next up previous index
Next: Definition of Up: The Goodness of Fit Previous: The Euler Gamma Function:

Definition of $\gamma (a, x)$

We'll write a subprogram for calculating $\gamma (a, x)$, because its mathematical definition is less scary. This definition will look simpler still when we recall the following recurrence relation:

\begin{displaymath}\Gamma(a + 1) = a \Gamma(a) \Rightarrow \frac{\Gamma(a + 1)}{\Gamma(a)} = a
\end{displaymath} (2.21)

Recall that the factorial function, n!, has a very similar recurrence:

\begin{displaymath}(n+1)! = n! (n+1) \Rightarrow \frac{(n+1)!}{n!} = n+1
\end{displaymath} (2.22)

Now, if we were to define a new function $\Gamma'(n) = \Gamma(n+1)$, then we would have:
$\displaystyle \Gamma'(n+1)$ = $\displaystyle \Gamma(n+2) = (n+1)\Gamma(n+1) = (n+1)\Gamma'(n)$ (2.23)
  $\textstyle \Rightarrow$ $\displaystyle \frac{\Gamma'(n+1)}{\Gamma'(n)} = n+1$ (2.24)

This relationship is the same as the recurrence relationship for a Factorial, and indeed we have that

\begin{displaymath}n! = \Gamma(n+1)
\end{displaymath} (2.25)

What this means is that $\Gamma$ is an extremely rapidly rising function, which is why UNIX defines only its logarithm in libm.a. It is safer that way.

Let us again have a look at the series expansion for $\gamma (a, x)$and make use of the recurrence relation in order to outline precisely the computational procedure

$\displaystyle \gamma(a, x)$ = $\displaystyle e^{-x}x^a\sum_{n=0}^\infty
\frac{\Gamma(a)x^n}{\Gamma(a + 1 + n)}$  
  = $\displaystyle e^{-x}x^a
\left(
\frac{\Gamma(a)x^0}{\Gamma(a + 1 + 0)}
+ \frac{\...
...}{\Gamma(a + 1 + 2)}
+ \frac{\Gamma(a) x^3}{\Gamma(a + 1 + 3)}
+ \cdots
\right)$  
  = $\displaystyle e^{-x}x^a
\left(
\frac{\Gamma(a)}{a \Gamma(a)}
+ \frac{\Gamma(a) ...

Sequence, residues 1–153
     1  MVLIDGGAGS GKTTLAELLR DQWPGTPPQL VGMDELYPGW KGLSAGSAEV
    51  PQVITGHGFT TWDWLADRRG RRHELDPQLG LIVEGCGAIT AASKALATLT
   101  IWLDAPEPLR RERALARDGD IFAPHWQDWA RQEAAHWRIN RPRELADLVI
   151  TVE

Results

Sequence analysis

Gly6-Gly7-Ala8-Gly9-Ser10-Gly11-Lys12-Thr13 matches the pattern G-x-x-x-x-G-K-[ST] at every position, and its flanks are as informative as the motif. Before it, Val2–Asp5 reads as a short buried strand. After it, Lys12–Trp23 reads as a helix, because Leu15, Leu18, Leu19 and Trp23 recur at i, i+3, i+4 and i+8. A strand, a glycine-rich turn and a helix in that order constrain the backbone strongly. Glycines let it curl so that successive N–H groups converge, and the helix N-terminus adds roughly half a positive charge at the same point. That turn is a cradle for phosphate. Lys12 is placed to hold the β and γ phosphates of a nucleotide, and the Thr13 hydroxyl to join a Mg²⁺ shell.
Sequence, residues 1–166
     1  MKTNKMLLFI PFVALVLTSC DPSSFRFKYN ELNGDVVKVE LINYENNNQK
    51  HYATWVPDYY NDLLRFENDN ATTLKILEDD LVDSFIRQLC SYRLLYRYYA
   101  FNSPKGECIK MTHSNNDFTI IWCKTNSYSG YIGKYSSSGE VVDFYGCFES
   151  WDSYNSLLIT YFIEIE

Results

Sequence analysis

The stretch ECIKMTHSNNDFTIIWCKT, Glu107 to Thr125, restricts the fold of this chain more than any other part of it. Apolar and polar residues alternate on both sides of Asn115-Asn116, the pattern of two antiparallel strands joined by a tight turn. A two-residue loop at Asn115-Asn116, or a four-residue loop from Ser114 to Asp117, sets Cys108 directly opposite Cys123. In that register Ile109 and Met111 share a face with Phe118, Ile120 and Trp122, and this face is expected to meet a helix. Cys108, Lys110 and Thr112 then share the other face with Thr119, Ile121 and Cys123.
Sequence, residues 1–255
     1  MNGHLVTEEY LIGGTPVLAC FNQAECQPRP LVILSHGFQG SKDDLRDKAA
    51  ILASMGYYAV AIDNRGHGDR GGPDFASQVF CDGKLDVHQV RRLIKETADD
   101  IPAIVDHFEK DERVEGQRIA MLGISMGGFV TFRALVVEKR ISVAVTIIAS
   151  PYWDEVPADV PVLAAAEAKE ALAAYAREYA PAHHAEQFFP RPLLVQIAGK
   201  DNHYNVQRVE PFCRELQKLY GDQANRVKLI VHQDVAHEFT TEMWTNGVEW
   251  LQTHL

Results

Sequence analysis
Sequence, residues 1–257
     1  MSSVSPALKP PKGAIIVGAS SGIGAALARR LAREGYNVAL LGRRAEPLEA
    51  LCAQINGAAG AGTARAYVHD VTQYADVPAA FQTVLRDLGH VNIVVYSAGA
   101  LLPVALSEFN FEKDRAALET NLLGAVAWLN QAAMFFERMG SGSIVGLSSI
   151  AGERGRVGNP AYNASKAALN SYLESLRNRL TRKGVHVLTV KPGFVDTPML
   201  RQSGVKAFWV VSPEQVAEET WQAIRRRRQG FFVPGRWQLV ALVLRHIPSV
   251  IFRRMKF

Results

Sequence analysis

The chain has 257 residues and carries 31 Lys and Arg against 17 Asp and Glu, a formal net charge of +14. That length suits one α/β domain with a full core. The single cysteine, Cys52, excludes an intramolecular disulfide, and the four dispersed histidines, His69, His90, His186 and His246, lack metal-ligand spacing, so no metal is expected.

...)}
+ \frac{\Gamma(a) x^3}{(a + 3) (a + 2) (a + 1) a \Gamma(a)}
+ \cdots
\right)$  
  = $\displaystyle e^{-x}x^a
\left(
\frac{1}{a}
+ \frac{x}{a (a + 1)}
+ \frac{x x}{a (a + 1) (a + 2)}
+ \frac{x x x}{a (a + 1) (a + 2) (a + 3)}
+ \cdots
\right)$ (2.26)

As you see, $\Gamma (a)$ falls out altogether. And the algorithm, neglecting the e-xxa factor for the time being, becomes as follows:
1.
evaluate 1/a first and save in on, say, g, and at the same time on g_sum
2.
multiply g by x/(a+1), save the result back on g, and add it to whatever is in g_sum
3.
multiply g by x/(a+2), save the result back on g, and add it to g_sum
4.
multiply g by x/(a+3), save the result back on g, and add it to g_sum
5.
$\ldots$ and so on ad infinitum
In Fortran this algorithm would look as follows:
g = 1/a
g_sum = g
do i = 1, infinity
   g = g * x / (a + i)
   g_sum = g_sum + g
end do
On many processors incrementing a number by one is faster than adding an integer to it. So we can optimise the algorithm presented above as follows:
g = 1/a; a_incr = a; g_sum = g
do i = 1, infinity
   a_incr = a_incr + 1
   g = g * x / a_incr
   g_sum = g_sum + g
end do
We must now stop this loop. We stop it when adding a yet another term doesn't visibly change the result, i.e., when g is less than the number of significant digits we want in the final result. We also restructure the do loop, because we don't make any use of its index i.
real(kind=long), parameter :: epsilon = 1.0E-9
...
g = 1/a; a_incr = a; g_sum = g
do while(abs(g) .gt. abs(g_sum) * epsilon)
   a_incr = a_incr + 1
   g = g * x / a_incr
   g_sum = g_sum + g
end do
Before exiting the subprogram all we need to do is to multiply g_sum by e-x xa. Figure 2.12 lists our full implementation of small_gamma.
  
Figure 2.12: Function small_gamma from module euler
\begin{figure}
\begin{footnotesize}
\begin{tex2html_preform}\begin{verbatim}real...
...og(x))
end if\end{verbatim}\end{tex2html_preform}\end{footnotesize}\end{figure}

There are some small additions to small_gamma. First we check for a possibility that the function may have been called with x < 0. The incomplete gamma function is not defined for x < 0, so if this is the case, we stop the execution of the program and flag an error message. For x=0 $\gamma(a, x) = 0$ too, so in this case we simply return 0. Only for x > 0 the real computation starts. In the last statement of the function instead of multiplying by e-x xa we multiply by $\exp(-x + a \log{x})$, which saves us having to call x**a, which is more involved computationally.


next up previous index
Next: Definition of Up: The Goodness of Fit Previous: The Euler Gamma Function:
Zdzislaw Meglicki
2001-02-26